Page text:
Luis Ojeda, 23, is serving a six-year sentence in San Quentin State Prison after a conviction for assault with great bodily injury. Upon his release, he faces deportation to Mexico. His sister, Jennie, 21, is a law-abiding resident of San Jose, where she is studying and working. Nevertheless, she also fears deportation.
“I wanted to be a lawyer and help out my parents,” Luis said. “But, I messed up the opportunity DACA offered me. I feel ashamed for committing a crime. I squandered the opportunity given to me in this country. And, I feel bad they are using us as an excuse to not renew DACA. I don’t think it is fair.”
Former President Barack Obama created DACA in 2012 to protect undocumented children from deportation if they entered the U.S. before they turned 16-years old.
“According to a RAND analysis, every $1 invested in such [inmate] education generates at least $4 in economic return,” reports Fast Company.
“The state typically spends $71,000 a year to house an inmate. It costs about $5,000 total to help put one [incarcerated] student through community college”, reports Fast Company.
The Ojeda family’s story shows how ending the DACA program could separate a family. Luis and Jennie are among the 800,000 undocumented immigrants brought by their parents to the U.S. at a young age, and who are called Dreamers.
Since President Donald J. Trump’s administration announced his intention to end the humanitarian program known officially as Deferred Action for Childhood Arrival (DACA), the Dreamers are facing an uncertain future.
Siblings Jennie and older brother Luis are facing eminent separation if DACA ends.
“I feel worried,” Jennie said. “If they don’t do anything, not just my family will be affected, but a lot of people. It will crush our dreams. We will not be able to go to school or to work.”
Jennie remembers how DACA changed her life. The program allowed her to work legally in the US. She works now as a secretary at a plumbing company during the day, and attends De Anza College at night. Her goal is to become an archeologist and an anthropologist.
“I like learning about people that were here for a long time ago, about the significance of religions, their views, ancient civilizations,” Jennie said. “If I become an archeologist I will get to explore the world,” Jennie said.
“Some 70 million Americans have a criminal record – a number equal to Americans with a college degree,” according to the Brennan Center for Justice. NEW YORK TIMES July 27, 2018 “Zero Tolerance for Zero Tolerance”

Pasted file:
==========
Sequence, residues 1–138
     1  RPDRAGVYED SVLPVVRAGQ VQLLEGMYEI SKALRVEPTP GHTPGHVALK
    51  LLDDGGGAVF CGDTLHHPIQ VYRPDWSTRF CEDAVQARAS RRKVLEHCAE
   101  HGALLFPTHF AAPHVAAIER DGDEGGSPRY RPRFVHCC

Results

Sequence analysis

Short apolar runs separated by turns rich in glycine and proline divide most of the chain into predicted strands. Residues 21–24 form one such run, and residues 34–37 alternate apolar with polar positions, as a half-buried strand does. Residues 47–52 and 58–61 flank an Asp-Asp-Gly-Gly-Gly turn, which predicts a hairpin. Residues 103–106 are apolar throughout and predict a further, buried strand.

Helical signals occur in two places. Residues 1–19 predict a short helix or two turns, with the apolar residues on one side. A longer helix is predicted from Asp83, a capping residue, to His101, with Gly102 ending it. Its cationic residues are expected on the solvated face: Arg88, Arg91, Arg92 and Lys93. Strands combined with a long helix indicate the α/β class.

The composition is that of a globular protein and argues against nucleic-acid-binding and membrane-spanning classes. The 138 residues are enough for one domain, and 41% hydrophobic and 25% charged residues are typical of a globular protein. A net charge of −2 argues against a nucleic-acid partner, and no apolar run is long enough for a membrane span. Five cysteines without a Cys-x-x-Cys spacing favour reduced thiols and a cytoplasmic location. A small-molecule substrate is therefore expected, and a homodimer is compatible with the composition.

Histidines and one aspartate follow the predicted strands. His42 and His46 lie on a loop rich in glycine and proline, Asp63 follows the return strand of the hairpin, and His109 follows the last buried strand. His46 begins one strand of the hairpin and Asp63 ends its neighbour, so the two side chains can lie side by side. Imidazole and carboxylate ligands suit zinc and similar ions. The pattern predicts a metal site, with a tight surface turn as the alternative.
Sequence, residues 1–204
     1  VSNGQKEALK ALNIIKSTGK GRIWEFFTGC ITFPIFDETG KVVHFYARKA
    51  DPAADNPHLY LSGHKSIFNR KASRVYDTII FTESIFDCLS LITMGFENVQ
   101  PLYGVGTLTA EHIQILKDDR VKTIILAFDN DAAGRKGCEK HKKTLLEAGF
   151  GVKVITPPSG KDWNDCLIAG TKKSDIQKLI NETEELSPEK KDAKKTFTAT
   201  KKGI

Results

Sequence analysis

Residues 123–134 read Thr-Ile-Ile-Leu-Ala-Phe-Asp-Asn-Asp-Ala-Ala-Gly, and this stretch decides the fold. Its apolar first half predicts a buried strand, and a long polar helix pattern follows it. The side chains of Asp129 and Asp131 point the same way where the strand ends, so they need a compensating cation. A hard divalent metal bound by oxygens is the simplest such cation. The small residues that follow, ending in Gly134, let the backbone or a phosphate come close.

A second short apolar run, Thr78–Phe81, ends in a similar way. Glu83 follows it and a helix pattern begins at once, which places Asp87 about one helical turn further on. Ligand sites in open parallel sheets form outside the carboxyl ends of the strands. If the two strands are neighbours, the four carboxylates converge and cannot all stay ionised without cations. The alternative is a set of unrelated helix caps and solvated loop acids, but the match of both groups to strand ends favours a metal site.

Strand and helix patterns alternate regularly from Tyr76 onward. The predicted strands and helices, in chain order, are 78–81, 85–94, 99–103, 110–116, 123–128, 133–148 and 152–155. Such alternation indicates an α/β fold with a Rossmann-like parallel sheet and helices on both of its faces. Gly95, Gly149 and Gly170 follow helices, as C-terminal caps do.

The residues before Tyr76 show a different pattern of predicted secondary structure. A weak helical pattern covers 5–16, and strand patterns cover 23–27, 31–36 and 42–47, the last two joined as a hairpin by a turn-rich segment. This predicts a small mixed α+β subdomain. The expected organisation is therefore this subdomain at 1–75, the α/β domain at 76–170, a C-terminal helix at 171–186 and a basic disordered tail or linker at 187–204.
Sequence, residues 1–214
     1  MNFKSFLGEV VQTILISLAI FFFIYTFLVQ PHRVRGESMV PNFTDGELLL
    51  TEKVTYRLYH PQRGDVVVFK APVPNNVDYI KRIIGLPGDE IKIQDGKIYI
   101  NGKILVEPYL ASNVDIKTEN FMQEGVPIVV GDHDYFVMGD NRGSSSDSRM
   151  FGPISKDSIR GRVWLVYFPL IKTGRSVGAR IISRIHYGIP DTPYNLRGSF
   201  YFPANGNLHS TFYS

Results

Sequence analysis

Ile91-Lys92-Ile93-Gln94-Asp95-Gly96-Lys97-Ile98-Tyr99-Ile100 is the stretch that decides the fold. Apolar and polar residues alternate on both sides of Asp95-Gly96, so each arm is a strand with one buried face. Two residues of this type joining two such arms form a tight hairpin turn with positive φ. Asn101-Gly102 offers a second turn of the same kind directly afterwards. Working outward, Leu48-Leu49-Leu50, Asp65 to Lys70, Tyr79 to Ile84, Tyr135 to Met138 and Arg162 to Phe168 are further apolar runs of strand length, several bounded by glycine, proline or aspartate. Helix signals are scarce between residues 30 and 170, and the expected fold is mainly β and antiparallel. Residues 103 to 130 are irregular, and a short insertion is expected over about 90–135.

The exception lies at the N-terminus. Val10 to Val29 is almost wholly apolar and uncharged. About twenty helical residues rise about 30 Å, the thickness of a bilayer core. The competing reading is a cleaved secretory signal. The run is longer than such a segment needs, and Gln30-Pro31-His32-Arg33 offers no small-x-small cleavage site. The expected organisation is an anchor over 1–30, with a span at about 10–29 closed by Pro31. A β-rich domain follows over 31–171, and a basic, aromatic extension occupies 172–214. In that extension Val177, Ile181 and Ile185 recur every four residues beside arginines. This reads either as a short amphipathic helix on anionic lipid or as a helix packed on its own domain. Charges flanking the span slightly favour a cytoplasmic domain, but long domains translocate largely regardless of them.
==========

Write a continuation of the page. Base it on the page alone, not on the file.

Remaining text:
The majority of Dreamers contribute to the U.S. economy. Ending DACA would affect all Dreamers — even those who have not committed a crime.
“Since DACA was implemented in 2012, a total of 2,139 (about 0.3 percent) Dreamers have lost their status because of criminal behavior,” according to the article “The Numbers Behind The Dreamers” By Will Racke of the Daily Caller.
Although in prison, Luis said he also benefited from DACA. He thought his future lay in the American Dream.
Luis acknowledges his wrongs and accepts the punishment for his bad choices. However, Trump’s threat “plays an emotional” game with the Dreamers, like his sister Jennie, who contributes to the country’s economy and obeys the law.
“I am super afraid. It makes me sad,” Jennie said. “When I just saw the news — they are playing with our feelings. They are not taking us serious. How can we have a future? It makes me sad, worried, stressed out.”
Harvard researcher Roberto G. Gonzalez surveyed 2,000 DACA participants.
Gonzalez found that 22 percent of Dreamers have earned a bachelor’s degree, compared to about 32 percent of the US population as a whole who hold a bachelor’s degree, according to National UnDACAmented Research Project.
Jennie and Luis came to the U.S. like most Dreamers with their parents and a little brother. They became part of the fabric of America. They attended American schools, learned English and embraced the dominant culture.
“First day in school I was super nervous,” Jennie said. “I didn’t know how to speak English. The next day, I didn`t want to go back to school. I didn`t know anyone. I didn’t know how to communicate.”
Ending DACA creates stress for Dreamers because many would have to make sudden changes in their lives. Some would have no alternative than to return to living in the shadows — in constant fear of deportation. For others, it might mean going back to countries from which they fled or know little about.
“Before DACA at 11-years old, I often stressed thinking about La Migra (ICE) coming to get me and separate me from my family,” Luis said. “I received DACA at 18-years old. This helped me to get a driver’s license, and a work permit with which I got my first job as a cook in a restaurant while I continued with my education.”
However, the future of Dreamers like the Ojeda siblings lingers in limbo since the Trump administration announced the termination of DACA. The issue of DACA’s future is a topic of debate in Congress. It is also tied up in the federal courts.
“I was brought to this country by my parents when I was 9-years old,” Jennie said. “My baby brother, Luis and I were fortunate because we didn’t have to climb the fence like my mom and older brother did. My father brought us to this country to have a better future. My mom helped me start doing the research for DACA, gathering all documents and we have to pay a lawyer and DACA fees,” Jennie said.
She continues to “have hope the Congress will do something about” DACA to bring relief to all the DACA participants and maintain their legal status in this country to make their dreams come true.
–Taré Beltranchuc and Marcos Villa